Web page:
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Liver and intrahepatic bile ducts-nontumor

Viral hepatitis

Hepatitis C virus (HCV)

Reviewers: Komal Arora, M.D. (see Reviewers page)
Revised: 12 May 2012, last major update May 2012
Copyright: (c) 2004-2012, PathologyOutlines.com, Inc.


● 0.2% incidence in US, 170 million people infected worldwide
● 90% of non-A, non-B hepatitis cases, 75-95% of transfusion associated hepatitis cases are due to Hepatitis C

Causes and complications

● 35% IV drug abuse, 15% household contact or heterosexual exposure, 5% blood transfusion, 45% unknown
● 50-80% develop chronic liver disease, 20% of these develop cirrhosis
● High risk for hepatocellular carcinoma, particularly with alcoholic cirrhosis (57% at 10 years)
● Acute liver failure is rare
● CD34+ sinusoidal endothelial cells are a risk factor for hepatocellular carcinoma in HCV associated chronic liver disease (Hum Pathol 2001;32:1363)
● In HIV+ patients, cirrhosis more common if CD4 < 200 cells/microL (Hum Pathol 2000;31:69)
Complications: deterioration of liver status with cirrhosis in 20% and improvement in 10% with chronic hepatitis C; also hepatocellular carcinoma


● A flavivirus, enveloped RNA virus


● Long term interferon alpha causes regression of cirrhosis in 5-10% (Hum Pathol 2004;35:107)
● Interferon used in combination with ribavirin; orthotopic liver transplantation
● 10% have stainable iron; some hepatologists use iron content and location in patient management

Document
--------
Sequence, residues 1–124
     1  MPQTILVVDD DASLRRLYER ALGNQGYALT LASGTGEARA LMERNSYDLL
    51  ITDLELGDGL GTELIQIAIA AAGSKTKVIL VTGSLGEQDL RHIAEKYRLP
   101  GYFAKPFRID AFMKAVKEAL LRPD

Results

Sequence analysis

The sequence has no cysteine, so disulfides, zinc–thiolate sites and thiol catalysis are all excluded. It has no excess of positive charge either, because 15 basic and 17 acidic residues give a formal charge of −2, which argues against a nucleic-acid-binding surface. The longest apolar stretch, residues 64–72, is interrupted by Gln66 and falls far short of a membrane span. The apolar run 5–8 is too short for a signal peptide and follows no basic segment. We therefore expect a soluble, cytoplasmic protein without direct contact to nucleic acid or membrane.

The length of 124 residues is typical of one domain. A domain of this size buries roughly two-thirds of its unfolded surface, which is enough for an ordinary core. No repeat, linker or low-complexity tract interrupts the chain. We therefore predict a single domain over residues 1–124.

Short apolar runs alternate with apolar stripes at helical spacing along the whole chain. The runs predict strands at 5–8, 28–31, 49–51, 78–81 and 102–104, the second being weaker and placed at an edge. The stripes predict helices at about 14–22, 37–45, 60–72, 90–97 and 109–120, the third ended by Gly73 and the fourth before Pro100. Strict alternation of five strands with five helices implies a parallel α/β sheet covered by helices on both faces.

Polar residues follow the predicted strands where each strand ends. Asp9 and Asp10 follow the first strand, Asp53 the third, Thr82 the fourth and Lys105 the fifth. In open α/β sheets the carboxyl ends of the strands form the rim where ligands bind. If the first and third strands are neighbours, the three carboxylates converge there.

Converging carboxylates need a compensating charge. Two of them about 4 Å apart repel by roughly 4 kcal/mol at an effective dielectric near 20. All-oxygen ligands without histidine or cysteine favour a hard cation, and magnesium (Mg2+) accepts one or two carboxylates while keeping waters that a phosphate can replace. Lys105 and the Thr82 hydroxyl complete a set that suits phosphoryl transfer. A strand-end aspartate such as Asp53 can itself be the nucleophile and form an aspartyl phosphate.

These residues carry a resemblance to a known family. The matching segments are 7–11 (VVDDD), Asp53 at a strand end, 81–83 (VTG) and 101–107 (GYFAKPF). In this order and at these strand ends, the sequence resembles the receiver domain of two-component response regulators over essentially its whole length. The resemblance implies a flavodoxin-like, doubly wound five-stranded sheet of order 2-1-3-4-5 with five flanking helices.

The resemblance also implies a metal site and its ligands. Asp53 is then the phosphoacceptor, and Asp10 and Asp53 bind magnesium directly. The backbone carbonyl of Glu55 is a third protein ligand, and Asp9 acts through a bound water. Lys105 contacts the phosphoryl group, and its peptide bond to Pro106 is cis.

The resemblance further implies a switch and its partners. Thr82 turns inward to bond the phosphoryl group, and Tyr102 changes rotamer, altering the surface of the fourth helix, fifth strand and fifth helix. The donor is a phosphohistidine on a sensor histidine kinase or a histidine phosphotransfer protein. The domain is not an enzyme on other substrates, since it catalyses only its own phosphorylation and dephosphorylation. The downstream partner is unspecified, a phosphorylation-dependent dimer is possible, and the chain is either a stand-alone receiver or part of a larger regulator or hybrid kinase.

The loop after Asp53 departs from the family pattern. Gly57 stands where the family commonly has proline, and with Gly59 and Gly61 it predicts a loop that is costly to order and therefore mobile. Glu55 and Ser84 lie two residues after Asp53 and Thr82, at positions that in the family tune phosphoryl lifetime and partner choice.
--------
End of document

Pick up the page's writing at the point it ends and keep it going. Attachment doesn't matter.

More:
● Occasionally may be due to mutation in gene for hereditary hemochromatosis (Arch Pathol Lab Med 2000;124:1632)

Poor prognostic factors

● Necroinflammatory activity is associated with fibrosis progression (Hum Pathol 2001;32:904)
● Also alcohol consumption, advanced age at the time of infection, and immunocompromise

Post liver transplant

● Recurrence of Hepatitis C (as opposed to reinfection, which is almost universal) associated with more single cell hepatocyte necrosis (acidophil bodies), bile duct damage, lymphoid aggregates, cholestasis, fibrous septum, viral load (HCV RNA) > 1.25 million viral equivalents/ml
● Recurrence may resemble cellular rejection
● Serial biopsies may be necessary (Hum Pathol 2002;33:277, Arch Pathol Lab Med 2000;124:1623, Mod Pathol 2002;15:897)
● HCV RNA levels are highest at time of active hepatocellular destruction (Mod Pathol 1999;12:1043)

Case reports

● With coexisting diffuse large B cell lymphoma (Am J Surg Pathol 1999;23:1124)
● 55 year old man with coexisting hepatocellular carcinoma and diffuse large B cell lymphoma (Arch Pathol Lab Med 2000;124:1532)

Micro description

● Predominantly sinusoidal lymphocytic infiltrate, often with lymphoid follicles that surround damaged bile ducts, often involvement of portal tracts
● Mallory’s hyaline, mild and focal macrovesicular steatosis, minimal necrosis
● Usually no/minimal plasma cells or eosinophils; may have irregular acidophil bodies
● Lymphoid aggregates are specific for hepatitis C, but only 50% sensitive

Micro images

Portal lymphocytosis

Bile duct involvement

Portal-portal fibrosis


Hepatitis C with cirrhosis

Post-transplant at 1 week

Post-transplant at 6 weeks with apoptotic bodies

Recurrence post-transplant:

Acidophil bodies, lymphoid aggregate, fibrous septum, cellular rejection

Additional references

Mod Pathol 2000;13:679 (post-transplant), Semin Liver Dis 2005 Feb;25:52, Am J Surg Pathol 2007;31:1754

End of Liver and intrahepatic bile ducts-nontumor > Viral hepatitis > Hepatitis C virus (HCV)

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